When I Say No I Mean No; CHRISTMAS PARTIES, FREE-FLOWING DRINKS, FLIRTATIOUS GLANCES . . . THEY'RE ALL PART OF THE FESTIVE SEASON. BUT WHAT BEGINS AS FUN CAN END IN TEARS AND TRAUMA. TV WRITER OL PARKER TALKS TO HILARY KINGSLEY ABOUT HIS HARD-HITTING NEW `DATE RAPE' DRAMA

By Kingsley, Hilary | Sunday Mirror (London, England), December 7, 1997 | Go to article overview

When I Say No I Mean No; CHRISTMAS PARTIES, FREE-FLOWING DRINKS, FLIRTATIOUS GLANCES . . . THEY'RE ALL PART OF THE FESTIVE SEASON. BUT WHAT BEGINS AS FUN CAN END IN TEARS AND TRAUMA. TV WRITER OL PARKER TALKS TO HILARY KINGSLEY ABOUT HIS HARD-HITTING NEW `DATE RAPE' DRAMA


Kingsley, Hilary, Sunday Mirror (London, England)


She was up for it, that was pretty clear. That's what he said in court, anyway. That's what his friends said too. They were witnesses, in the pub and at the party.

After the party he took her home and she let him up to her room - for coffee, she said. Everyone knows that "coffee" after a date is code for sex. Bad sex, he had to admit later. But it was worse for her. The worst. She called it rape.

But, hey, come on, say his friends. She wasn't stupid. She must have known what would happen, letting him into her room, her being so beautiful and all.

And where's the harm, anyway?

This casual, dismissive attitude to one of the most traumatic of all crimes is one cause of the huge gulf between male and female attitudes to "date rape". And it's at the heart of In Your Dreams, a powerful new BBC film drama which allows both sides to have their say.

Flashbacks show the events from the perspective of the accused rapist and his victim, who are both students. But in the end the film aims to blitz the belief that in today's world of accepted casual sex, no "normal" man forces himself brutally on a woman after a date, and if he does, isn't it all her own fault for being such a nasty little tease?

One of the more surprising things about the drama, to be screened on BBC2 next Sunday, is that it was written by a man - 27-year-old Cambridge graduate Ol Parker.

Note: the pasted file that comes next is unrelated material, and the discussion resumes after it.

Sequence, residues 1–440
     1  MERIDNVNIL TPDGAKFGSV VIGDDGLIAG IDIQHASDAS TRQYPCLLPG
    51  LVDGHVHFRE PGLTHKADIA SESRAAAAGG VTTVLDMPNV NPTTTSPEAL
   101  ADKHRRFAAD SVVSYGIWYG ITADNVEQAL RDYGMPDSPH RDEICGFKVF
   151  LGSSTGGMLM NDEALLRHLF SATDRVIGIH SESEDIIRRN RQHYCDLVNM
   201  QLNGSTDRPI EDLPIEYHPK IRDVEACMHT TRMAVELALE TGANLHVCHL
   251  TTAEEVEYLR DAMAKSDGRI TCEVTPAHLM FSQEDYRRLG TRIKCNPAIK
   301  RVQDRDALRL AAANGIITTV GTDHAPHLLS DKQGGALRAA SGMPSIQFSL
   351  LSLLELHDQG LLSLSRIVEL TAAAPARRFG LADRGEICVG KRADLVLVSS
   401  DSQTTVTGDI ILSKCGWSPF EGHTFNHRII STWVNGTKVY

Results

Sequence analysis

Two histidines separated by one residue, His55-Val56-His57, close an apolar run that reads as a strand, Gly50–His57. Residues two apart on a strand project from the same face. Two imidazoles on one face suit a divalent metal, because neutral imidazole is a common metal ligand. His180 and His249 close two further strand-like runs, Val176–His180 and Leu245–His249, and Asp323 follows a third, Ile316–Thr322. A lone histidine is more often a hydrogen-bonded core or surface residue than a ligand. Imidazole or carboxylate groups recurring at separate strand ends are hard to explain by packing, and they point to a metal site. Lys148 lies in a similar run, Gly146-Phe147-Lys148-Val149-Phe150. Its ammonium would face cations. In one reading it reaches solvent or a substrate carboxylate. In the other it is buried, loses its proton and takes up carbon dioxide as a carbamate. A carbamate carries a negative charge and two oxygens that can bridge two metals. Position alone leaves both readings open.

At first he was uncomfortable tackling such a difficult subject, but the BBC twisted his arm. He had already established his credentials as a writer in tune with "youth culture" with Loved Up, an earlier TV drama which took a clear-eyed view at Ecstasy and the drug culture in 1990s Britain.

"They wanted me to write something else for them," says the tall, talented Parker, not long out of university himself.

"I had a vague idea of something light about the confusion between the sexual signals given out by men and women. But Elinor Day, the producer, suggested I researched rape. I was horrified and I went back later and said it was a minefield, I couldn't do it, I'd get it wrong. But she was insistent."

So Parker, a judge's son from North London, began talking to women he knew, asking them about their experience of being coerced into sex. He was amazed to find that so many of them, often those who seemed the most confident, reported traumatic episodes.

"I didn't have to search far to find women who had experienced date rape," he says. "So many women had a story to tell - some were near misses, others were ultimately horrible. It made me aware that I really ought to write about it.

"I know that some people will say I can't write about this without having suffered from rape or been accused of it myself. All that I can say is that every line in the film comes from the mouth of a real person."

The film stars rising Hollywood star Thandie Newton as Clare, a nervous new arrival on a university campus. …

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When I Say No I Mean No; CHRISTMAS PARTIES, FREE-FLOWING DRINKS, FLIRTATIOUS GLANCES . . . THEY'RE ALL PART OF THE FESTIVE SEASON. BUT WHAT BEGINS AS FUN CAN END IN TEARS AND TRAUMA. TV WRITER OL PARKER TALKS TO HILARY KINGSLEY ABOUT HIS HARD-HITTING NEW `DATE RAPE' DRAMA
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